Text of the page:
Michael Glover moves on
Bannockburn Vineyards, one of Australia’s leading small wineries, is losing its colourful and charismatic winemaker Michael Glover. He will leave in January after nine years at Bannockburn, returning to his native New Zealand.
For an iconic wine property like Bannockburn (tastings) to have found Glover as winemaker in the first place was serendipitous. He is a one-off. A free spirit, a man who goes his own way. An eccentric perhaps, in a world of white-coated technocrats. Such people are quite rare, and are to be valued.
Whether you enjoyed all of the wines Glover made for Bannockburn or not, it can’t be doubted that they all bore the fingerprints of the man himself. Following Gary Farr was a hard act, but Glover managed it with aplomb. And stamped his own imprimatur on the wines, a different imprimatur from Farr’s.
Sauvignon blanc fermented on skins is nothing unique, but where this technique has resulted in some horrible wines in other people’s hands, Glover used a proportion of this technique, blended the result with more conventionally made wine (and a little riesling for good measure), bound it together with barrel fermentation, and made a glorious drink.
Glover’s chardonnays have been tremendously rich and multi-layered. Big, buttery and forward, yes, but those drinkers nonplussed by the anorexic trend in Aussie chardonnay could always count on a big mouthful of chardonnay flavour from a Bannockburn.
Glover’s other wines have been equally interesting – for their methodology as much as their character.
My main quibble with Glover is with his over-use (in my opinion) of stems in pinot noir fermentations. Stems were well established as part of Bannockburn pinot style before Glover arrived, but many of his wines have been fermented with 100% whole bunches and the wines in my view were dried-out and excessively forward-developed as a result. They were certainly savoury, arguably even complex, but they lacked fruit and freshness and pinot character.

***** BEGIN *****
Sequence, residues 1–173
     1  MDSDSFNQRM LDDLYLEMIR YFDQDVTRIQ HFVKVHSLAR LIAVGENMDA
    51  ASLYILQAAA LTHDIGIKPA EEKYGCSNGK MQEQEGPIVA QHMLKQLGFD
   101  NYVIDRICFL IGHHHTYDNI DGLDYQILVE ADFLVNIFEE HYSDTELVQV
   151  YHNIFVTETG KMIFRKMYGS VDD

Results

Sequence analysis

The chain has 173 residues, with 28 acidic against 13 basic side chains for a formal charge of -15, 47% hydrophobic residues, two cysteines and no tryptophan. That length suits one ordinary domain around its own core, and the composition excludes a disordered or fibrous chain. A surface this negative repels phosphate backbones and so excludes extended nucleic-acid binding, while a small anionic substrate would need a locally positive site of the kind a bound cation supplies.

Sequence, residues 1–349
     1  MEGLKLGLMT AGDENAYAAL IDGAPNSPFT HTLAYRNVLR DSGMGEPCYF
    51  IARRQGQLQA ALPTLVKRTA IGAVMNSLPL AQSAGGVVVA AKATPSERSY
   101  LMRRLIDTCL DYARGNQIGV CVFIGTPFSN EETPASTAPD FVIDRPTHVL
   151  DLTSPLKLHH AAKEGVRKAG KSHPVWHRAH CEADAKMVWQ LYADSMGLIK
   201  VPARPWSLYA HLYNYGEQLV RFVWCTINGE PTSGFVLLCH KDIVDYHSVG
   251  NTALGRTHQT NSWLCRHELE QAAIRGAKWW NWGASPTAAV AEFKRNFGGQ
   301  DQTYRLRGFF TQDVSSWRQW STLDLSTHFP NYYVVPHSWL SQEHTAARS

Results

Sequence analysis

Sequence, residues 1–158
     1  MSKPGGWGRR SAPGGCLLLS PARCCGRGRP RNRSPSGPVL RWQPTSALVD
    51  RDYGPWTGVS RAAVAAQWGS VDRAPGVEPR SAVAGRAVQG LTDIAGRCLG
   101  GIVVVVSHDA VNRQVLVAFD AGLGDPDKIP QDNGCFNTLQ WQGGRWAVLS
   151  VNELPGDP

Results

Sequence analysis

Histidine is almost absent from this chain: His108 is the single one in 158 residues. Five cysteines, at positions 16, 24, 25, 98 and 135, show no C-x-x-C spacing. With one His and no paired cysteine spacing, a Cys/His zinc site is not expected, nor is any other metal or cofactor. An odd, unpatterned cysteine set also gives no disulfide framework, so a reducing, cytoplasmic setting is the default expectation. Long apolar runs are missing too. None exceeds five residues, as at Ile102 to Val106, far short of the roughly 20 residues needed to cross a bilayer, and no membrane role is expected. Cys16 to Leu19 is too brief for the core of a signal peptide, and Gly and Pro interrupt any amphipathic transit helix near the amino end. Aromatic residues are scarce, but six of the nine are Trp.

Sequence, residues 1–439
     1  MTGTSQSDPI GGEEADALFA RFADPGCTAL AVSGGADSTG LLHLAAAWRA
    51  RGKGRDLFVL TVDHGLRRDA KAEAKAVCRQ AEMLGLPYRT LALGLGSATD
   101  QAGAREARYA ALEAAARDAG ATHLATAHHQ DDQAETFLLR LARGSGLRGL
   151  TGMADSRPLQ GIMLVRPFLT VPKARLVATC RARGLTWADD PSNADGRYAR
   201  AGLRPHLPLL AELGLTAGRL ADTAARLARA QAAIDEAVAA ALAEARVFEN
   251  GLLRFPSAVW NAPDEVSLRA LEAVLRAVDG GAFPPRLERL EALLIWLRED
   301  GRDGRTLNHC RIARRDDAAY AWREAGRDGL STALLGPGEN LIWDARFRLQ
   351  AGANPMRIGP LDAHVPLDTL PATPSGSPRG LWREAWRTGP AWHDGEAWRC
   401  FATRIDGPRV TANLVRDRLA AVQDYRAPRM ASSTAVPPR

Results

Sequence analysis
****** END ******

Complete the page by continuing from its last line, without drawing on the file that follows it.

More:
Perhaps Glover would reply that these things are not of interest to him, but what is the average punter’s reaction after innocently buying a Bannockburn pinot and expecting it to taste like an Aussie pinot? OK: an ‘average punter’ would probably not stumble upon a Bannockburn pinot. But the point remains that these are very eccentric wines, and in the final analysis, I didn’t enjoy many of them, in any context – with food or without.
My final comment is that these wines lack terroir, which I feel sure would be the very thing Glover and his fellow pinot noir makers prize and profess to seek in their wines. The wines speak of stems and technique, not of Geelong nor the Bannockburn vineyard. If a blind taster correctly identifies such a wine as a Bannockburn, it’s not the ‘somewhereness’ they are recognizing but the fingerprints of the winemaker, which are all over these wines. With stalks, sometimes less is more.
Sorry, Michael: I didn’t mean this to be a witch-hunt. I am a great fan of you and most of your wines, but this approach to pinot has always mystified me – and many other wine professionals.
No doubt Bannockburn will be searching for a new winemaker. In the winery press release, Glover says: “It has been a wonderful experience working at Bannockburn and a great privilege to have been allowed to take fruit from some of Australia’s best vineyards in directions that have been creative and thought-provoking. The decision to leave has been a terribly hard one to make but if I don’t do it now, I may never get back home, and it is something I have always had a desire to do.”
We will miss you, Michael, but at least you won’t be far away, across the ditch.